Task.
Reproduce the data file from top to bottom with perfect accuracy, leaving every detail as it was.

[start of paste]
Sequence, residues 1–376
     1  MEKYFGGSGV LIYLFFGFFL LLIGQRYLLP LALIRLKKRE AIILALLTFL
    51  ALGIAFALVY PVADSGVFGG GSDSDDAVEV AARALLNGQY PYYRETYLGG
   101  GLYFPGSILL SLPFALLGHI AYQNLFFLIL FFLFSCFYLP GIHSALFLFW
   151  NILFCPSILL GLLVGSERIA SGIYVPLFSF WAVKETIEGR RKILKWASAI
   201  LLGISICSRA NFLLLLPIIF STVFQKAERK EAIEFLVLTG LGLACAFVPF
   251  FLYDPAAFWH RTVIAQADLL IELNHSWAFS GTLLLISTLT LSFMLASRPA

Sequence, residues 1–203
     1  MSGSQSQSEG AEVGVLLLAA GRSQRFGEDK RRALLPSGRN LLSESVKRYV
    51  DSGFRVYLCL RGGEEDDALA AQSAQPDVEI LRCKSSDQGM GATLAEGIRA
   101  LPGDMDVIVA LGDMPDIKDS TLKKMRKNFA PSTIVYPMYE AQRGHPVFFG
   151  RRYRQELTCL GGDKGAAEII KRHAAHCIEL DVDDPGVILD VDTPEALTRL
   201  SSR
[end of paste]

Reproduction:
Sequence, residues 1–376
     1  MEKYFGGSGV LIYLFFGFFL LLIGQRYLLP LALIRLKKRE AIILALLTFL
    51  ALGIAFALVY PVADSGVFGG GSDSDDAVEV AARALLNGQY PYYRETYLGG
   101  GLYFPGSILL SLPFALLGHI AYQNLFFLIL FFLFSCFYLP GIHSALFLFW
   151  NILFCPSILL GLLVGSERIA SGIYVPLFSF WAVKETIEGR RKILKWASAI
   201  LLGISICSRA NFLLLLPIIF STVFQKAERK EAIEFLVLTG LGLACAFVPF
   251  FLYDPAAFWH RTVIAQADLL IELNHSWAFS GTLLLISTLT LSFMLASRPA

Sequence, residues 1–203
     1  MSGSQSQSEG AEVGVLLLAA GRSQRFGEDK RRALLPSGRN LLSESVKRYV
    51  DSGFRVYLCL RGGEEDDALA AQSAQPDVEI LRCKSSDQGM GATLAEGIRA
   101  LPGDMDVIVA LGDMPDIKDS TLKKMRKNFA PSTIVYPMYE AQRGHPVFFG
   151  RRYRQELTCL GGDKGAAEII KRHAAHCIEL DVDDPGVILD VDTPEALTRL
   201  SSR